Below is one simple instruction that is super easy to follow. However, before starting make sure you have all the necessary ingredients and tools to make the Castile Liquid Soap. Likewise, safety gear is essential so one should have the following, especially when mixing and preparing the Lye:
- Rubber gloves
- Safety goggles
- Silicone spatula
- Stick blender
- Glass container with lid
- 4 oz. Olive oil
- 10 oz. Coconut oil
- 1 oz. Jojoba oil
- 1 oz. Hemp oil
- 4.1 oz. Potassium Hydroxide (lye)
- 6 oz. Distilled water
- Vitamin E (optional)
- Pyrex or glass container
To make a lye solution
- Combine Potassium Hydroxide (KOH) and distilled water. Always add water to lye, not the other way around.
- Mix the solution with the silicone spatula and set it aside once the solution has turned clear.
Mixing the oils
- With the crockpot on high heat, add all the oils except Vitamin E.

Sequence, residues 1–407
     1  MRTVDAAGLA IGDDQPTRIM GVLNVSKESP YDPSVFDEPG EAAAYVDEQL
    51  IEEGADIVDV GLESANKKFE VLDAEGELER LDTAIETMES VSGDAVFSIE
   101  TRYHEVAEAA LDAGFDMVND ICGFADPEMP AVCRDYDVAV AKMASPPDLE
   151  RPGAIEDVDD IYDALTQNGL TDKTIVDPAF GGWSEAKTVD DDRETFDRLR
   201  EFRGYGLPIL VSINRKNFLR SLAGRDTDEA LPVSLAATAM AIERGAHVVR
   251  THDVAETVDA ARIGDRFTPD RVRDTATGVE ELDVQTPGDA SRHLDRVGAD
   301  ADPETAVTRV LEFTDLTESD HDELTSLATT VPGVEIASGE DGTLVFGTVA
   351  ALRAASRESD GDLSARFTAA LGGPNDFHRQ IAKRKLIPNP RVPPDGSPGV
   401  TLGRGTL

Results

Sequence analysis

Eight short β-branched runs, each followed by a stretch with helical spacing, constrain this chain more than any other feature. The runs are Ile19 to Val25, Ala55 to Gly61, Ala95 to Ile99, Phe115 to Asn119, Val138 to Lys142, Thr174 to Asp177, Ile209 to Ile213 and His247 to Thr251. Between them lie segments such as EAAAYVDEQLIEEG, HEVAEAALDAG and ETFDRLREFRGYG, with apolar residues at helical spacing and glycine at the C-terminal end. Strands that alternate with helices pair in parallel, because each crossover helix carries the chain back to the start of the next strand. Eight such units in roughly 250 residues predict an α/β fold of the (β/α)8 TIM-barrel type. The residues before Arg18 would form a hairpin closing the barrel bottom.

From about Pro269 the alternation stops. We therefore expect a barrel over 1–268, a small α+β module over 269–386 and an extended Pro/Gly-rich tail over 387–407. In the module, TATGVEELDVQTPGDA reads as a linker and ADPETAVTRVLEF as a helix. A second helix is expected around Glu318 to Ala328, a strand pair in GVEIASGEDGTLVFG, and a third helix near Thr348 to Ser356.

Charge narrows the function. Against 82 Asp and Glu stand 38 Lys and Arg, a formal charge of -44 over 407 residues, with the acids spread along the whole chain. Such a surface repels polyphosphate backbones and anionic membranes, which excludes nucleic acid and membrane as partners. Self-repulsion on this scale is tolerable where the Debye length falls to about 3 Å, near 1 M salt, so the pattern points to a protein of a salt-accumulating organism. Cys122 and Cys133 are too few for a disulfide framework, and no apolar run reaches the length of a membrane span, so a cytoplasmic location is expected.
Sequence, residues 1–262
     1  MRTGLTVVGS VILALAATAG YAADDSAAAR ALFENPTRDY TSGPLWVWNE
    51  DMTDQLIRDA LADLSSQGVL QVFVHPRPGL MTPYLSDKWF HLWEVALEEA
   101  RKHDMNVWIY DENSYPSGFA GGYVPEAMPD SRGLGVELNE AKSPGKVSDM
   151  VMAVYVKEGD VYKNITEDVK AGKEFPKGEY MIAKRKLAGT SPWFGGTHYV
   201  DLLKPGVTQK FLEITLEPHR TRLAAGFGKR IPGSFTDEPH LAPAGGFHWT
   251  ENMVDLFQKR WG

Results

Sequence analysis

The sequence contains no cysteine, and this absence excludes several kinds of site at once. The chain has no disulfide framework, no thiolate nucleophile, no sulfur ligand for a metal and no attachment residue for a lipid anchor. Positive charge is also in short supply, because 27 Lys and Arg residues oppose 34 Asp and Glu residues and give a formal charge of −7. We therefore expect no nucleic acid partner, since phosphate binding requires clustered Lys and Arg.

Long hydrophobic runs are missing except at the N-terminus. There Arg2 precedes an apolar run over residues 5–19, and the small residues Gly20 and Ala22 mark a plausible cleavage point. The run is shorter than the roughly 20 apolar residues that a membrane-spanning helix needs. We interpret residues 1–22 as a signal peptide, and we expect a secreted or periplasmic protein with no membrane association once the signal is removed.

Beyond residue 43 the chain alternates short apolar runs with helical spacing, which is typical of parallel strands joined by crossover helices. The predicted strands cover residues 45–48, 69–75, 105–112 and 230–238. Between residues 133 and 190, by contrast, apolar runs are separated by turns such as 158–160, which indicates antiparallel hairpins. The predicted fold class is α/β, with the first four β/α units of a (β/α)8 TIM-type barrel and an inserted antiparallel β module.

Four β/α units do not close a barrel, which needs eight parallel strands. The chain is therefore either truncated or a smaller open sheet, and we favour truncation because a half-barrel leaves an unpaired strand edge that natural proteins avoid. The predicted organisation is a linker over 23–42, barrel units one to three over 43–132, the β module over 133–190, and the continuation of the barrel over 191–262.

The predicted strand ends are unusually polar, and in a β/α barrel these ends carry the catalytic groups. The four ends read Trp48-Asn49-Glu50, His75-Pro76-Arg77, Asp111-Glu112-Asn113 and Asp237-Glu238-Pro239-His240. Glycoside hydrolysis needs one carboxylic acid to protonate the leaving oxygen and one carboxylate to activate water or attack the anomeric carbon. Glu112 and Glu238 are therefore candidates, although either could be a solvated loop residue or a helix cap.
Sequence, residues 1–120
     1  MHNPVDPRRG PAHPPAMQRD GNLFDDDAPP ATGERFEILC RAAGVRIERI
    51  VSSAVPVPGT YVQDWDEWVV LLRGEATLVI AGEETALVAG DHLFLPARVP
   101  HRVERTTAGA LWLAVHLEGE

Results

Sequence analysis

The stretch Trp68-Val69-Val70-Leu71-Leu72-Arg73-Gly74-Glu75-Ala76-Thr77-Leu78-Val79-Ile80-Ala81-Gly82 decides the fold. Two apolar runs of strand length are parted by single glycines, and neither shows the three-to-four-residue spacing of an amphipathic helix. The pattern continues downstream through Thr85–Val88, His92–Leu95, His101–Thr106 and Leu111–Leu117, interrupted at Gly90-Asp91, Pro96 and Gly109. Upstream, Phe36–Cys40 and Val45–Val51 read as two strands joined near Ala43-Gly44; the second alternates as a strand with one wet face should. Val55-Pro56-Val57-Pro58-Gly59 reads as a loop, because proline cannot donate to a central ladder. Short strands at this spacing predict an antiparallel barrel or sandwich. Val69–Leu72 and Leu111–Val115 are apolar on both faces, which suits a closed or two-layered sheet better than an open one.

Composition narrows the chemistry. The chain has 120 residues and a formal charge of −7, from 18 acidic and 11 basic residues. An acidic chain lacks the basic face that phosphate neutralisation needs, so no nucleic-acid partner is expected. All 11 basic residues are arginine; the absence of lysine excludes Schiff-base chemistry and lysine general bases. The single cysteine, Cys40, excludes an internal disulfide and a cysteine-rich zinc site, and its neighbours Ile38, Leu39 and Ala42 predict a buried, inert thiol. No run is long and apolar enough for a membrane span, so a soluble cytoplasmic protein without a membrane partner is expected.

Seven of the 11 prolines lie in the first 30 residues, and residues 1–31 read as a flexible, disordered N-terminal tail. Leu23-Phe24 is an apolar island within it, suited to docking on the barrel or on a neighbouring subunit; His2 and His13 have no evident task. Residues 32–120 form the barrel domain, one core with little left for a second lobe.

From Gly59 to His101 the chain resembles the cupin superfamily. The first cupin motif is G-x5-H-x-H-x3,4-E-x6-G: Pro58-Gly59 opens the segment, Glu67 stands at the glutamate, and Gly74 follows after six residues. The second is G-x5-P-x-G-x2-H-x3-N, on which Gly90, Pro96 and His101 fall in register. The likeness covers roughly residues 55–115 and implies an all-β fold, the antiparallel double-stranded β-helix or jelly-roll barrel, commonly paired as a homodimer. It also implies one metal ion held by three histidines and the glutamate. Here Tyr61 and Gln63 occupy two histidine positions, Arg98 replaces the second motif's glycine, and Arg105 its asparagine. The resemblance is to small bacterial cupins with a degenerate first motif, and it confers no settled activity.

- Mix continuously until all the oils melt. Then pour the lye solution into the crockpot. Do it slowly.
- Use the silicone spatula to mix the oils and lye, while the stick blender to smoothen the consistency
- Cover the pot but remain in high heat. Don’t forget to check, stir and blend every 10 to 15 minutes to see if the soap has separated or if the liquid has overflowed.
- Continue cooking for five more hours. Don’t lessen the heat.
- Check if the mixture is partially ready by doing a hot water test. Add a small portion of liquid castile soap to 1 oz. of hot water. If the soap melts, then it’s ready to be diluted. If it is still cloudy, continue cooking for 30 more minutes.
- Then pour the very hot water into the crockpot with the Castile liquid oil and mix.
- Turn off the crockpot and cover it with lid. Wait for 10 – 12 hours for the soap to dilute.
- Add a few drops of vitamin e oil (optional)
- Then pour the Castile liquid soap into a clean glass container.
- Store in room temperature
Making your DIY Castile Liquid Soap is easy and fun. Just sure you have the proper ingredients and tools. Live and light!